Curious what everyone's thoughts are on trading trucks? How often do you trade? So many yrs? Som many miles? So much spent on repairs? What have you found to be the sweet spot as a whole? Large fleets are trading at 3-5 yrs and 250-450,000 miles. Or just before warranty expires. Your thoughts good or bad. Thanks
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Too many variable factors to answer this question.
fleets trade them when the warranty expires and they will be paying for repairs, which also coincides with the tax depreciation running out and they will have to start paying income tax on the profit the truck makes.
if your a owner operator, it’s a totally different equation. Depending on on your much capital you have to start off with.
as an one man o/o you have to go one way or the other .
All new and under warranty ,
Or all old, pre emission and repair and maintain.
i know two small fleets in Atlanta ,
7-20 trucks in each company.
One company has all new stuff , and trades it before the warranty expires.
the other company has all older pre emission trucks and takes very good care of them .
it works for both company’s.
What you want to avoid is owning a used emission truck that’s out of warranty.
this method will work until the brilliant people that are in DC outlaw all old pre emission trucks like their party that I can’t name without getting the thread locked , did in California
This thread is interesting. In my case I won't trade out of my truck because it would cost me close to 300K or more to replace my tractor and It's not something I'm willing to do at this point. I'm currently rebuilding my engine, it's in the shop at this moment getting a complete in-frame; when she's done I'll have 5 to 7 years of reliable running before I have to start thinking about retiring my chariot. It actually pains me to think about the day I HAVE to retire this truck, she's a really good tractor and I'm going to, one day, miss having all the amenities.
Unless I break down every month, I'll keep replacing things until this engine times out. Maybe one day I'll come to my senses and get out of trucking completely. Probably as much chance of that happening as meeting the man of my dreams in the parking lot of a truck stop....LOL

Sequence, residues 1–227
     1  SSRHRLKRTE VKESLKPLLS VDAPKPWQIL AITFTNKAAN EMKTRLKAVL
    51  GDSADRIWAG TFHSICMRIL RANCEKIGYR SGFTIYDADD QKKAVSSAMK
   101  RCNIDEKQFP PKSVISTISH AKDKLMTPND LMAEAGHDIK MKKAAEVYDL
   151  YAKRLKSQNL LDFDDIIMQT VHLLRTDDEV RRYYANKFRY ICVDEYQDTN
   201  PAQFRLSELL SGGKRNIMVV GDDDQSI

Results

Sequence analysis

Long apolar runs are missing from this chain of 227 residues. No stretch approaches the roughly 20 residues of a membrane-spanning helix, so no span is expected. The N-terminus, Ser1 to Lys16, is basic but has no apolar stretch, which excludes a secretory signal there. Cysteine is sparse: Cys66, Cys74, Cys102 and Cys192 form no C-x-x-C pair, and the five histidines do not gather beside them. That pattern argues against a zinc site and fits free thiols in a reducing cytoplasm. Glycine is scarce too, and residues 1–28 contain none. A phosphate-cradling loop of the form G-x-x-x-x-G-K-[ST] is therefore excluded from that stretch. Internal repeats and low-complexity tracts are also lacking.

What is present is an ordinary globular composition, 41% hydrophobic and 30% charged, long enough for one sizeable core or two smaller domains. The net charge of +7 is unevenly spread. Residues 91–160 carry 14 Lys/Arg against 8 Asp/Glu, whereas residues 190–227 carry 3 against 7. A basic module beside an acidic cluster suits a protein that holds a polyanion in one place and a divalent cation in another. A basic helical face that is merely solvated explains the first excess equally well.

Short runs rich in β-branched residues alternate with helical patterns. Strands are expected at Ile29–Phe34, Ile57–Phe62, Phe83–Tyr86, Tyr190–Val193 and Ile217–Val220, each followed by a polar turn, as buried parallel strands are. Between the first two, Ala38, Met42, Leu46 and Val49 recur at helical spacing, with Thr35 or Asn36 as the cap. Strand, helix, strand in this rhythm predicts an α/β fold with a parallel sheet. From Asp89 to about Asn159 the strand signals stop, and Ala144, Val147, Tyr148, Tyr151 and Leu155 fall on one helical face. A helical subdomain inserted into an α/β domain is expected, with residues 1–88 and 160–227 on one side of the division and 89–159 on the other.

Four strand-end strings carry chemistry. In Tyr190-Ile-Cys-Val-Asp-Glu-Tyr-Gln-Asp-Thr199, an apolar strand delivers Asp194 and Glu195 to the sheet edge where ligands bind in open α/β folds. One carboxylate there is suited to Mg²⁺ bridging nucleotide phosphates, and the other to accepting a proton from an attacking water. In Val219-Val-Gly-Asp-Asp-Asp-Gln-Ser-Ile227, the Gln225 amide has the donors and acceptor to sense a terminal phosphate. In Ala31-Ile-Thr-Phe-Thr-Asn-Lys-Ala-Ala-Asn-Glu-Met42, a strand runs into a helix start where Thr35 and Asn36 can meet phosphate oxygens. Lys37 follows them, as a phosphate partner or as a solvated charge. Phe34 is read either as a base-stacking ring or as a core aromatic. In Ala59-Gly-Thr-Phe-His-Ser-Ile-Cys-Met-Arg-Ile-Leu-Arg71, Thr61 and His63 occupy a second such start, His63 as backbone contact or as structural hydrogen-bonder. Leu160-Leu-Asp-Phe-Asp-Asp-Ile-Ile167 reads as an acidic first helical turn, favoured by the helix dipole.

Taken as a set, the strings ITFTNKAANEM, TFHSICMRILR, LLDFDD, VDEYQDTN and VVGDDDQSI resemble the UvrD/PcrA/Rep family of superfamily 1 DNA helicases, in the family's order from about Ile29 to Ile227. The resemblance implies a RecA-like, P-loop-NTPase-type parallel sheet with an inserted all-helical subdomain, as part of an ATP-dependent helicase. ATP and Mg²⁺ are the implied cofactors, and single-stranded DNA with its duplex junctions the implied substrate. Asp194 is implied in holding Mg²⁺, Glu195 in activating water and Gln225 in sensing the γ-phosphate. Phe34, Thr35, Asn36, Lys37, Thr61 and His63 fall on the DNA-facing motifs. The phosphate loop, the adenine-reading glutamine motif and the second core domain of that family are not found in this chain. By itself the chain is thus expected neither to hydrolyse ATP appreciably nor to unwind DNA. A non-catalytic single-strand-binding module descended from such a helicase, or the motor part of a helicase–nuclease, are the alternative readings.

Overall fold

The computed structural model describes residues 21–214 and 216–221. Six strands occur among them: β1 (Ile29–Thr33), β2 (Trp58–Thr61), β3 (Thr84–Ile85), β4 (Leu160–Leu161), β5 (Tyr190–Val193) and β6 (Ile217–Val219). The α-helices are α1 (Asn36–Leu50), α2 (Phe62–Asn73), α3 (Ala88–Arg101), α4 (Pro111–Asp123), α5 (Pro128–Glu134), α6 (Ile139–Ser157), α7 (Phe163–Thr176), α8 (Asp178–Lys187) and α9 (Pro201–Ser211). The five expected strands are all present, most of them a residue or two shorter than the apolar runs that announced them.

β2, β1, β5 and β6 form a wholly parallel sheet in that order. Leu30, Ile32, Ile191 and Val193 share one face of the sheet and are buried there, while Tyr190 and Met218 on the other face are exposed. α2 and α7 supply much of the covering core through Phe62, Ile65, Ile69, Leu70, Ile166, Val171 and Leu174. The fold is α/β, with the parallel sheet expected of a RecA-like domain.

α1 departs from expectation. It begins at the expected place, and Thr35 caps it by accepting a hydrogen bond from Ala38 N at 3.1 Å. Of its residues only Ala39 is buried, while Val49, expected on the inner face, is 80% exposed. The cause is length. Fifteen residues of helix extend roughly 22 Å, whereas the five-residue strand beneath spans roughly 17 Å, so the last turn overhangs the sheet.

There is a break even point that is surpassed when a truck is costing more than it is worth to keep it.
Many forget it is a tool, it isn’t a wife or girlfriend or a pet.
too many people think it is alright to dump $40k into a truck that is worth $20k.
People seem to think the large fleets rid their fleet of trucks because of warranty but it is depreciation and what I mentioned before the depreciation ends.
I have 925k on my well kept cascadia now, some people think it's only a couple years old but it is 8 years old.
200k on a complete inframe and most other components have been replaced...some before they failed .
When the truck is ready for retirement I will retire .
Large fleets can sell off used equipment with plenty of usable mi left as opposed to selling them off with too many mi. Would you buy something with 500K or prefer something with 800K ? Considering the price difference, of course. I've seen trucking co's along side the interstate with a yard full off junk equipment never to see the highway again. They basically ran it into the ground and there it sits. Construction equipment comes to mind. Tony Beets on TV show Goldrush has acres of originally expensive junk sitting there only good for parts, maybe. I might mention RV rentals also. The rental co buys a 1000, rents them for 1 year, and then sells them almost for what they paid originally.
3 to 5 yrs depending on how the truck is doing and what the market is like. If a 3 yr old truck is worth 70k then keep running it. If it’s worth 85 or 90k then sell it. Once you go past 3 yr 300k the value drops rapidly and in those 2 more yrs new trucks only get more expensive. Not to mention if the used market is crap you may take a beating on both ends at 500k. Both crap resale and higher cost new truck. But you can’t run it past 500k with no warranty and problems around the corner.
I do the same with trailers.
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